Maryland Custody Laws for Unmarried Parents

By Mary Jane Freeman
For unmarried parents, paternity must be established before a court can enter a custody order.

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In Maryland, as in all states, unmarried parents are entitled to the care, custody and control of their children, just as any other parent has this right. The only notable distinction between married and unmarried parents is that the court must establish the paternity of a father born to a single mother for the court to recognize a father’s custodial rights. Once that has been done, the parents can enter into a custody arrangement, either on their own or with the court’s help.

Establishing Paternity Is First Step

When a child’s parents are not married to one another, before the court can decide custody matters, the parents must establish paternity. In Maryland, paternity may be established by acknowledgment or by court order. Paternity is acknowledged when both parents sign an Affidavit of Parentage, which identifies the man who signs the document as the child's father. The parents can sign this affidavit at the hospital immediately after the child's birth, and the father's name can be added to the child's birth certificate at that time, as well. The parents can complete this affidavit after they leave the hospital, but in that case, they must return the signed and notarized document to the Division of Vital Records, instead of to the hospital. In the alternative, paternity can be established by genetic testing, which may be done voluntarily or ordered by the court.

Two Forms of Custody Available

Once the court has established paternity, either or both parents can seek custody of the child. Maryland recognizes both legal and physical custody. Legal custody is a parent's right to decide how a child will be raised; for example, where he will worship and attend school. Physical custody is a parent's right to provide a home for the child. One or both parents may have either form of custody. If parents share legal custody, they make child-rearing decisions together, and if they share physical custody, their child lives at both residences, and spends at least 35 percent of his time in each parent's home. If only one parent has physical custody, then typically, the other parent is granted visitation and pays child support.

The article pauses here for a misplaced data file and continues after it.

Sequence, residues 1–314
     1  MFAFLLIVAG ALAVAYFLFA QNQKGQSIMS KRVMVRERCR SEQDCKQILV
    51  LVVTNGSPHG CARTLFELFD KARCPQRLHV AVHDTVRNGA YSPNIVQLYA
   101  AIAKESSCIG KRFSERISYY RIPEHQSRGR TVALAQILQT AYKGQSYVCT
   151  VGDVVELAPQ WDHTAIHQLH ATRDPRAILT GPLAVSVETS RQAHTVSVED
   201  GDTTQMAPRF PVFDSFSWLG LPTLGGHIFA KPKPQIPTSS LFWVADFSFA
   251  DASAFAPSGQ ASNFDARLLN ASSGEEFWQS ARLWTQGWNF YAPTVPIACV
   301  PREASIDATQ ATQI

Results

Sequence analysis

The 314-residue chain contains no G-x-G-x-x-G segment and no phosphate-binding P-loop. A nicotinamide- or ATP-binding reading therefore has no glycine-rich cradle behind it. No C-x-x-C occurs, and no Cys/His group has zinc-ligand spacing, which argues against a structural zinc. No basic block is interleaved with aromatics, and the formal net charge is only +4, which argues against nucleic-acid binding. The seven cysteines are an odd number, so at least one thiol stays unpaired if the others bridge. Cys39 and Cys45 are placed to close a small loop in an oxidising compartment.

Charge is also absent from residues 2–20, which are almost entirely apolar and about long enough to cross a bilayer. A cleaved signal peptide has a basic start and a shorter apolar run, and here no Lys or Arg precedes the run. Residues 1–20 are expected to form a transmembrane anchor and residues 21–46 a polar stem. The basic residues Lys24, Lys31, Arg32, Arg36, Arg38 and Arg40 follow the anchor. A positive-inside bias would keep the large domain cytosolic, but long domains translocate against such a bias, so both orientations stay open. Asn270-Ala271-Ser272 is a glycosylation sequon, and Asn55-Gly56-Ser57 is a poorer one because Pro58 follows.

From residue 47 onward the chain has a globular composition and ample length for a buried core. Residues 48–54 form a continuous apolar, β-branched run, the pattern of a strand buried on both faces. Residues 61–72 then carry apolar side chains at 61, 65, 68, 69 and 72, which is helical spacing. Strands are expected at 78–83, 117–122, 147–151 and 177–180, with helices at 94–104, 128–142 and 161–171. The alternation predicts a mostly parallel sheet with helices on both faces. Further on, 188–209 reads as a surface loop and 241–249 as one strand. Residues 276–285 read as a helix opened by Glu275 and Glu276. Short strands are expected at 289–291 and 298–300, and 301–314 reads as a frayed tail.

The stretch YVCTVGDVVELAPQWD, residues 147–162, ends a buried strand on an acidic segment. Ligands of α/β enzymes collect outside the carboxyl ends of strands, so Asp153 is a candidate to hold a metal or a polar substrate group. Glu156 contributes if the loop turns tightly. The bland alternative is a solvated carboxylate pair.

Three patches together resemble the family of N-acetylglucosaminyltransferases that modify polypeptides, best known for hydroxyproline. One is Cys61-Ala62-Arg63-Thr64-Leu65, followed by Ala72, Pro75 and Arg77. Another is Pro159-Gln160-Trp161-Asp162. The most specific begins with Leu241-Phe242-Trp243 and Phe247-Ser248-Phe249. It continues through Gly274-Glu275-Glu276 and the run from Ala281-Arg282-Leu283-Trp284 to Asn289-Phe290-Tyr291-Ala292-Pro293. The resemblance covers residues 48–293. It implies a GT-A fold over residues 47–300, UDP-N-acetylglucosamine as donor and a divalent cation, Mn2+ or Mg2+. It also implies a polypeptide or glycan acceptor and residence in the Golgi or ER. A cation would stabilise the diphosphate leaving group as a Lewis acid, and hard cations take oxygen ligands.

Custody Based on Best Interests of the Child

In Maryland, unmarried parents are free to create their own custody and visitation agreements. Once they reach an agreement, they can submit a signed stipulation to the court, which sets forth the agreed-upon terms, along with a consent order. If the court approves the agreement, it will sign the consent order, which turns the parental agreement into a legally enforceable court order. If the parents cannot agree, however, they can ask the court to make this decision for them. In Maryland, the courts determine custody and visitation based on what is in the child's best interests. The court considers a variety of factors, which include the child's age, health and gender; the parents' fitness, character and reputation; the parents' ability to provide for the child and maintain family relationships; and in some cases, child's wishes.

Modification Available if Circumstances Change

Once custody is established, a parent can't change the order unless he can demonstrate a substantial change in circumstances and that the requested change is in the child's best interests. This is not a simple task, especially because Maryland courts consider the stability in a child's life to be of the utmost importance. The requesting parent must demonstrate that the current situation is putting the child's well-being at risk in some way. For example, if the parent with physical custody has become verbally abusive toward the child because that parent has become an alcoholic, then likely, the court will consider this to be a substantial change in circumstances, and will transfer custody to the other parent, who can better serve the child's interests.

About the Author

Based on the West Coast, Mary Jane Freeman has been writing professionally since 1994, specializing in the topics of business and law. Freeman's work has appeared in a variety of publications, including LegalZoom, Essence, Reuters and Chicago Sun-Times. Freeman holds a Master of Science in public policy and management and Juris Doctor. Freeman is self-employed and works as a policy analyst and legal consultant.

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